Next, consider the symbiosis between SolarCity and Tesla. As solar grows and matures, it raises an issue for users and utility systems: Solar panels produce a lot of electricity during the day, when demand typically isn’t that high for residential use, and then produce little or nothing in the late afternoon or evening, when residential demand rises. This mismatch is a barrier to expansion. Increasingly, solar companies are finding that pairing solar generation with electricity storage is a great solution: You charge up the batteries during the day with excess power generated by the sun and discharge them at night.

SolarCity is embracing the solar-plus-storage model at both the wholesale and retail level. It struck a potentially revolutionary deal with the Kauai Island Utility Cooperative in Hawaii, under which it will build a huge solar field on 50 acres. But instead of feeding the power into the grid instantly, it will use the panels to charge up a giant battery array with 52 megawatt-hours of capacity. And every day, between 5 and 10 p.m., those batteries will function as a power plant, injecting clean energy into the grid—all for less than the utility would pay for electricity generated by burning fossil fuels. On the retail level, SolarCity has rolled out a similar product for home users in Hawaii and elsewhere: Pair the company’s solar panels with a battery pack, which can be charged during the day and tapped at night.

Now, SolarCity could buy the battery packs from a range of suppliers. But it has chosen to buy them from … Tesla.

SolarCity is likely getting a pretty good price on the batteries, and it’ll be easy for SolarCity’s executives to hold their counterparts at Tesla accountable for delivering quality products. But this arrangement is also a boon to Tesla.

Tesla craves scale in the same way that SolarCity does. Remember, Tesla makes the battery packs that power its vehicles and is constructing a giant factory in Nevada, the Gigafactory, to build more of them. It is pursuing a path of vertical integration. As its car production ramps up by a factor of five, Tesla needs to ensure it has an adequate supply and wants to capture the profits that might have accrued to a supplier. What’s more, anything that increases the volume of orders of batteries—whether those orders are from Tesla itself or SolarCity—helps bring down the unit cost. So SolarCity, which raises funds from SpaceX, is providing a vital stream of revenues outside the auto industry for Tesla and is helping to increase volume.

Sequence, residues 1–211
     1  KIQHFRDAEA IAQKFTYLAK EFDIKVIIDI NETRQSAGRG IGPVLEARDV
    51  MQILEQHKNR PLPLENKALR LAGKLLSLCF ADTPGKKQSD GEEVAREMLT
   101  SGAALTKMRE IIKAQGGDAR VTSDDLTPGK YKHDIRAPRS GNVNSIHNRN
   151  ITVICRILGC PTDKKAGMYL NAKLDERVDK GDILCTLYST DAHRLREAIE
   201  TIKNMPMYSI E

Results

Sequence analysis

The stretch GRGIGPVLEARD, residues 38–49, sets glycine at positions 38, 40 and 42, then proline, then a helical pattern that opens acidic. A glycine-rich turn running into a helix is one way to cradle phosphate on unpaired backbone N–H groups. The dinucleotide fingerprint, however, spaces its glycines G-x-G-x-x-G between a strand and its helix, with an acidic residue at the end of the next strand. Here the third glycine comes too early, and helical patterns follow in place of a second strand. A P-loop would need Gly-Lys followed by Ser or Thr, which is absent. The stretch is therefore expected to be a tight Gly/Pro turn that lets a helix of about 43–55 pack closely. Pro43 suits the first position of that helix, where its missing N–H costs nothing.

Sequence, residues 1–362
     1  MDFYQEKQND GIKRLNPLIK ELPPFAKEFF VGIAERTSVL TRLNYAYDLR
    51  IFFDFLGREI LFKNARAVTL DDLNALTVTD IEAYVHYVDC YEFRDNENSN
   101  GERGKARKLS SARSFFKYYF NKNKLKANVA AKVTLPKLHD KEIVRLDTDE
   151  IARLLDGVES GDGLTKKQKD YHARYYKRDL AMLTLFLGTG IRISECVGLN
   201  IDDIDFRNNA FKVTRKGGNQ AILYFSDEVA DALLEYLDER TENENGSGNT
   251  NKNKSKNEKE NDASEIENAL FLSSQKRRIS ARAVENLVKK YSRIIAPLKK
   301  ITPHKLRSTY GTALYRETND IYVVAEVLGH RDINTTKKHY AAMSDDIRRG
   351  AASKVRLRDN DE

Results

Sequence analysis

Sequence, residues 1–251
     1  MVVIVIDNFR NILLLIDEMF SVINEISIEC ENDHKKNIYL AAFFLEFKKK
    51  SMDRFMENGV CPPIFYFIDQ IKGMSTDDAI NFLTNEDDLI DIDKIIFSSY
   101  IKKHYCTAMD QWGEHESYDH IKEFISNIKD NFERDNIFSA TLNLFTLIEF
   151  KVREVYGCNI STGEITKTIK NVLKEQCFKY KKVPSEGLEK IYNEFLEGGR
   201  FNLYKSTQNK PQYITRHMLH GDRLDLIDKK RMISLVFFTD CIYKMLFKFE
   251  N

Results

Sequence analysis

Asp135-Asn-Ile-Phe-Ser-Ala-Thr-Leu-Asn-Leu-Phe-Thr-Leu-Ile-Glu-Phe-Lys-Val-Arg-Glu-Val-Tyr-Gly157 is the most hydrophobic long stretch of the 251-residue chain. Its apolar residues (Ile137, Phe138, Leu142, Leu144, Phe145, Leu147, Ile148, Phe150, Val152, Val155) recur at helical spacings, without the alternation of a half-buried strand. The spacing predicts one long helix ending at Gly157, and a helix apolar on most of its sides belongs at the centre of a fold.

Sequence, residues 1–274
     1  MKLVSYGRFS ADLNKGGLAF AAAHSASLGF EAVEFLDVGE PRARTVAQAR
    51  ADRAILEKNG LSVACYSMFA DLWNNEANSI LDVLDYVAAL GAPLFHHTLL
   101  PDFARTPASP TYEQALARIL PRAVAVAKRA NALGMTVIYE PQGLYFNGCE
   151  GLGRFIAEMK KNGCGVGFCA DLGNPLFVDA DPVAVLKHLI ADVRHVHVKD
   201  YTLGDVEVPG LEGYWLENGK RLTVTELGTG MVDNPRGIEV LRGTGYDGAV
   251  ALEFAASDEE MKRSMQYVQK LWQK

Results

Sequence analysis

In theory, that should help lower the cost of producing Teslas, thus boosting sales. And, ultimately, higher sales of Teslas can lead to more potential demand for … SolarCity. Tesla—and electric cars generally—offer drivers the ability to break the link between mobility and combustion. But Tesla owners who also have rooftop solar panels and battery storage can break the link between electricity production and emissions. Many of the hundreds of thousands of people who think it is cool to buy Tesla vehicles may also think it will be cool to “fuel” their cars with solar-plus-storage systems sold by SolarCity.

So what’s not to like? Clearly, these arrangements between related companies can be symbiotic and synergistic. But they also pose potential conflicts. In the U.S. system, shareholders are supposed to be the master. And it’s not always clear which shareholders are getting the better deal in these intra-Muskonomy transactions. What if there’s high demand for battery packs, and other solar companies are willing to pay more than SolarCity for the output of the Gigafactory? It would make more sense financially for Tesla to serve those other customers first. But doing so would like cause problems for SolarCity.

In addition, these types of interconnections can help spread problems at one company into another. If Tesla were to have a serious problem with battery production, that could lead to dire consequences for SolarCity, which would in turn have difficultly making the payments on the bonds that SpaceX holds. So far these arrangements are working really well. They always do—until they don’t.